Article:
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Princeton Public Library (PPL) is accepting applications from authors interested in participating in an Author Fair as part of the library’s 12th Local Author Day, to be held on Saturday, April 29. The Author Fair takes place from 1:30 to 4 p.m. in the library’s Community Room and first floor area.  more

Join New Jersey Performing Arts Center (NJPAC) for Philip Roth Unbound, a weekend-long festival that will celebrate, challenge, and explore the life, legacy, and work of novelist and Newark native Philip Roth, on what would have been his 90th birthday weekend.  more

On Thursday, January 12 at 6:30 p.m., join historian Maxine Lurie at Morven Museum & Garden for an evening exploring her new book, Taking Sides in Revolutionary New Jersey: Caught in the Crossfire. The talk will include a book signing with Lurie and her book will be available for purchase on site.  more

Princeton Public Library will host Sensory Storytime, a program for children ages 2 and up and is especially welcoming to those who are differently abled, on the autism spectrum, have sensory processing issues or feel overwhelmed by noises and crowds. Children are encouraged to bring a favorite toy or fidget. Registration is required at https://bit.ly/3VGQl1b.  more

On Thursday, February 23 at 6 p.m., Labyrinth Books, in partnership with the Princeton Public Library, welcomes MUTTS cartoonist and award-winning author Patrick McDonnell as he discusses his new book, Heart to Heart: A Conversation on Love and Hope for Our Precious Planet. This event will be held at Labyrinth Books and is free to attend.

In this tale, a world-renowned religious leader and an American cartoonist join forces to create a whimsically illustrated volume with deceptively simple messages about saving the planet. The Dalai Lama supplies text and McDonnell provides the charming visuals as a panda comes to call on the Dalai Lama at his residence in Dharamsala, India.  more

In May 2022, Rutgers University Press announced the addition of a new series editor to the board of its award-winning scholarly book series, Critical Issues in Health and Medicine. Rana A. Hogarth, a professor of history at the University of Illinois at Urbana-Champaign, officially stepped into this new position. more

Shop the Friends of the Lawrence Library January Book Sale for thousands of used, gently read books for readers of all ages. The sale opens to the public on Friday, January 27 from 1 to 4:30 p.m. and ends on Monday, January 30 at 4:30 p.m. at the Lawrence Headquarters Branch of the Mercer County Library System, 2751 Brunswick Pike in Lawrenceville. Cash or checks only.  more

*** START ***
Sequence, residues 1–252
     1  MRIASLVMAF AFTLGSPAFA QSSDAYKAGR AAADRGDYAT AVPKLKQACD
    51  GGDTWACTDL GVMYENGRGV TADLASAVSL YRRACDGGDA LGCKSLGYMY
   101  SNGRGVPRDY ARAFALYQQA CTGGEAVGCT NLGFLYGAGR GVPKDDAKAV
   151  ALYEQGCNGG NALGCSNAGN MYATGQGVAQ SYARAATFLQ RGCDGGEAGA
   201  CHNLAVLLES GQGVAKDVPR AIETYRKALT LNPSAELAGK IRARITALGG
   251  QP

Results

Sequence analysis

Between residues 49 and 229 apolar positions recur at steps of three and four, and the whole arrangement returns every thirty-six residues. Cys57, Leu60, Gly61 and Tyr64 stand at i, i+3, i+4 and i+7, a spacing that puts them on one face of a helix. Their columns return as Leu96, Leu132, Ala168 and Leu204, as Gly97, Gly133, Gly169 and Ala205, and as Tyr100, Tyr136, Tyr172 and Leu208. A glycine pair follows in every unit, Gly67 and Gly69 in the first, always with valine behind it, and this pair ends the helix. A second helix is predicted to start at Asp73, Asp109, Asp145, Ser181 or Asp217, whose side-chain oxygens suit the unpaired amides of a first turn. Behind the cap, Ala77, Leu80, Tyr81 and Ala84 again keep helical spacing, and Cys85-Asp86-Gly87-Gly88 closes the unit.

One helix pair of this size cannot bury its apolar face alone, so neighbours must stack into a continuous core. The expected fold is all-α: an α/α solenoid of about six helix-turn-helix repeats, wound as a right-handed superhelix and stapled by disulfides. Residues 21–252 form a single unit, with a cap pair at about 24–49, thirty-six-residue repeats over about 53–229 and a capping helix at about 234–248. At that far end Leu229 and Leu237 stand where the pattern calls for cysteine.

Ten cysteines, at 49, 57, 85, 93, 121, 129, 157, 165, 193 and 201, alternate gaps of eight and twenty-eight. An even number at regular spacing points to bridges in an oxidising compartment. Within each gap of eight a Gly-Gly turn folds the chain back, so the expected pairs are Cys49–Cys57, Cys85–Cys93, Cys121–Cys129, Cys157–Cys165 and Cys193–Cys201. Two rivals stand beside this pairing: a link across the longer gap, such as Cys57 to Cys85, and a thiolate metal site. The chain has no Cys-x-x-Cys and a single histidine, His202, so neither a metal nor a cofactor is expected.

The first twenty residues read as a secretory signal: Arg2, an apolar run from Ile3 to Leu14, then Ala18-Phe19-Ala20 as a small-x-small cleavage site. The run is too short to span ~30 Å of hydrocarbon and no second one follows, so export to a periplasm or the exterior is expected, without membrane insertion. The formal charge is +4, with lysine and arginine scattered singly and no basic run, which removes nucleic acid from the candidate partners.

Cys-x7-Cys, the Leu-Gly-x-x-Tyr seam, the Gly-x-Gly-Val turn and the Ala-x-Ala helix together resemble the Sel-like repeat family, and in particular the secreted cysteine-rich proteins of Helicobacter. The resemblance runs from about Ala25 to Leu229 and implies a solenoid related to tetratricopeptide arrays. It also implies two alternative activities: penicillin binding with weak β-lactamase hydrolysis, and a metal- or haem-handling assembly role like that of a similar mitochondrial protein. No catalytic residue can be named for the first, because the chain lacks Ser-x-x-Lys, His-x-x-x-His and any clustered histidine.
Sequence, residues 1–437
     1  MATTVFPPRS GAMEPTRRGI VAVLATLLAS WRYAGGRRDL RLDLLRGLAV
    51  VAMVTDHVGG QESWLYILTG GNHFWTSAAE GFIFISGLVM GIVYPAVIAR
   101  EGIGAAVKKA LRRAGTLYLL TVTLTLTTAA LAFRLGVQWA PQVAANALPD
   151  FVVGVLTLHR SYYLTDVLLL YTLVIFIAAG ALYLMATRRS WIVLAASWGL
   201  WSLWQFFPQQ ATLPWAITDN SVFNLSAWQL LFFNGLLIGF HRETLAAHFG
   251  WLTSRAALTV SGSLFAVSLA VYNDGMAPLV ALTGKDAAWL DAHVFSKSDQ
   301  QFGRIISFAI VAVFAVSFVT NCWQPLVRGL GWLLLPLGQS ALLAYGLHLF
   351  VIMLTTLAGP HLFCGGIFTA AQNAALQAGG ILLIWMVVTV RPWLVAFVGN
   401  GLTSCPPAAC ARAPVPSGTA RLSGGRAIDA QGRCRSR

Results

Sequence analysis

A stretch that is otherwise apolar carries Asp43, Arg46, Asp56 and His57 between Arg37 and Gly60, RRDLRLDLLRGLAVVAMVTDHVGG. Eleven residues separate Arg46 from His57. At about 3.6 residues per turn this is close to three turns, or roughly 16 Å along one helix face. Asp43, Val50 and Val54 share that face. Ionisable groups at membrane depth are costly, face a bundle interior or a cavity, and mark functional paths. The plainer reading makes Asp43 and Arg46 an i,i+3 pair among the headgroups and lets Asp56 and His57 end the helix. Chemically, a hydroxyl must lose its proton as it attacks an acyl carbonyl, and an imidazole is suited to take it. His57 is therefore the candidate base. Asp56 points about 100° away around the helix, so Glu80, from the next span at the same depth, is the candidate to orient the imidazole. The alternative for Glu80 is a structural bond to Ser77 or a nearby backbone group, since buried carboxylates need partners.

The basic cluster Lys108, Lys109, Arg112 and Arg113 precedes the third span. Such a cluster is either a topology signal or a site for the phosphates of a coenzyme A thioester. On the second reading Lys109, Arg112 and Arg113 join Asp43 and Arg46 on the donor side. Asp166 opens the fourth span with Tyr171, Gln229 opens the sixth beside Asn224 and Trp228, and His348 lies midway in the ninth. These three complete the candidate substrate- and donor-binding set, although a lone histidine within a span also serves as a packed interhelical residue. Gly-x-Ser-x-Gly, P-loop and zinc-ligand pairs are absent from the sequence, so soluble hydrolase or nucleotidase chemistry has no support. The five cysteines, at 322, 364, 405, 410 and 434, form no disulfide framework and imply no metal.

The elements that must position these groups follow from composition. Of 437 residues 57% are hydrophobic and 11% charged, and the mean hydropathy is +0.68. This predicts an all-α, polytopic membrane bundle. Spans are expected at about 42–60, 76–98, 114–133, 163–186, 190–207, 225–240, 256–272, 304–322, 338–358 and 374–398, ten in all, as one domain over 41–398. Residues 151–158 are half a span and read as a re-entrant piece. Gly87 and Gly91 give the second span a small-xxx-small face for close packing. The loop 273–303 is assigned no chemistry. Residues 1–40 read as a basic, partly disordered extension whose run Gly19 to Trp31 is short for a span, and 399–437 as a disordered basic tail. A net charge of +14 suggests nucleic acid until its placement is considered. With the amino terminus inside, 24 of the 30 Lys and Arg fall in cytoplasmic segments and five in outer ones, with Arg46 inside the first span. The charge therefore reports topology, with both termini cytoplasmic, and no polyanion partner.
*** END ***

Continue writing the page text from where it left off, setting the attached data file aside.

By Stuart Mitchner

One minute in the life of the world is going by! Paint it as it is!

—Paul Cézanne (1839–1906)

Paint it, live it, or dream it, sculpt it, or mold it, whether the world going by is Tolkien’s Middle-earth, Tudor England, the rocky landscape of Cézanne’s Provence or the grottoes of Courbet’s Franche-Comté. Put Cézanne’s hypothetical minute between covers, and there’s room for the Night Kitchen visions of Maurice Sendak, and the pottery of Old Edgefield’s enslaved artisan David Drake. more

In advance of the Princeton Symphony Orchestra’s upcoming performance of “Knoxville: Summer of 1915” by Samuel Barber, the Princeton Public Library and the Orchestra present a behind-the-scenes discussion taking place on Thursday, January 12 from 7 to 8:30 p.m. more

On Tuesday, November 29 at 7 p.m., Princeton Public Library and Labyrinth Books welcome author A.M. Homes to the Library’s Community Room for a discussion of her new novel, The Unfolding. Homes is the former recipient of the Women’s Prize for her book May We Be Forgiven. She is the author of 13 books and teaches in the Creative Writing Program at Princeton University. Homes will be joined in discussion by Princeton University professor Laura F. Edwards. Edwards is a legal historian whose research focuses on the 19th-century United States.  more

On Tuesday, November 1 at 7 p.m., Labyrinth Live at the Library welcomes Joyce Carol Oates for a discussion of her new book, The Babysitter: A Novel. This event will be held in person at the Princeton Public Library, but will also be livestreamed at https://www.youtube.com/watch?v=UUlZf13JzTY.

Princeton University Professor Maria DiBattista will direct the conversation with Oates. DiBattista has written extensively on modern literature, popular and pulp fiction, and film.  more

Join the Arts Council of Princeton (ACP) on Wednesday, October 26 from 6 to 7:30 p.m. for “Art of People & Stories/Gente y Cuentos.” From collecting art to tasting wine, the ART OF series aims to introduce attendees to the endless creativity and innovation in the community. Created by locals, for locals, these all-inclusive experiences require no supplies or commitment. Just bring your friends and the ACP will do the rest. more

Join author Clifford Zink on Saturday, October 8 at 10 a.m. for a walking tour outside Princeton University’s storied and majestic eating clubs. Learn about the architecture, origins, and development of the 16 Classical and Gothic-style clubhouses, which date from 1895 to 1928. There will be an opportunity to visit inside one of the eating clubs; masks will be required during this portion of the tour. Copies of Zink’s 2017 book, The Princeton Eating Clubs, will be available for sale at a discounted price at the tour.  more

By Stuart Mitchner

Her love of beauty and order is everywhere visible in what she planted for our delight.” The words honoring landscape architect Beatrix Farrand (1872-1959) are engraved on a bench adjacent to the Princeton University chapel.

Reviewing the 2009 edition of Beatrix Farrand: Garden Artist, Landscape Architect (The Monacelli Press $60), The New York Times Sunday Book Review alerted “English majors” to the fact that the book “does double duty as a companion” to the novels of Farrand’s aunt Edith Wharton, whose friend Henry James knew young Beatrix as “Trix.” An updated edition of Judith B. Tankard’s monograph has been released on the occasion of Farrand’s 150th birthday.

Early Farrand

Farrand was still Beatrix Jones when she sent a letter to the editor of the September 6, 1893 issue of Garden and Forest, observing how “the White Pine makes an excellent background for the Red Oak (Q. rubra), which in spring emphasizes the gray tree bearing its ‘candles,’ as the country children call the new white growth, while in the autumn the Pine retires to its place as foil for the Oak, which is first gorgeous in red and fades into brown as it prepares for winter.” Also mentioned, the “Hemlock and White Ash” are “striking together in spring or fall, and at the turn of the leaf the Scarlet Maple seems ablaze near a group of the White and Black Spruces.” Beatrix ends the paragraph with a flourish that must have impressed Aunt Edith and Mr. James: “the stately Yellow and Paper Birches are noticed in damp places, and the Pitch Pine, clinging like a limpet to an impossibly steep rock, looks like a tree on a Japanese fan.”